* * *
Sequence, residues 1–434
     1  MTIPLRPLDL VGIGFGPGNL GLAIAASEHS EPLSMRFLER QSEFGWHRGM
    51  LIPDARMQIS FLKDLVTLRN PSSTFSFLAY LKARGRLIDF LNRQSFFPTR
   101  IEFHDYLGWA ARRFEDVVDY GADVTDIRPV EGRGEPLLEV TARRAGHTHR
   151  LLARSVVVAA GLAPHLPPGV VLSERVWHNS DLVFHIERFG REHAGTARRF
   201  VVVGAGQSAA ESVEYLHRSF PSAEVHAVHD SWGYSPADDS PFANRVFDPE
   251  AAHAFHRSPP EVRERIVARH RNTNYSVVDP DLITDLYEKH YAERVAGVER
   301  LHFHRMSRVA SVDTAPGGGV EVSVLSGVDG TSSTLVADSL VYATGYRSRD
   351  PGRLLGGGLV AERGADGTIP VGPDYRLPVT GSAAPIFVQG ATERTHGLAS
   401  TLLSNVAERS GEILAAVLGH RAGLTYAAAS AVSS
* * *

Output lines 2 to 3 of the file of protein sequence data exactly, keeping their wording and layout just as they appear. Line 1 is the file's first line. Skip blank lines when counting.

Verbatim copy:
     1  MTIPLRPLDL VGIGFGPGNL GLAIAASEHS EPLSMRFLER QSEFGWHRGM
    51  LIPDARMQIS FLKDLVTLRN PSSTFSFLAY LKARGRLIDF LNRQSFFPTR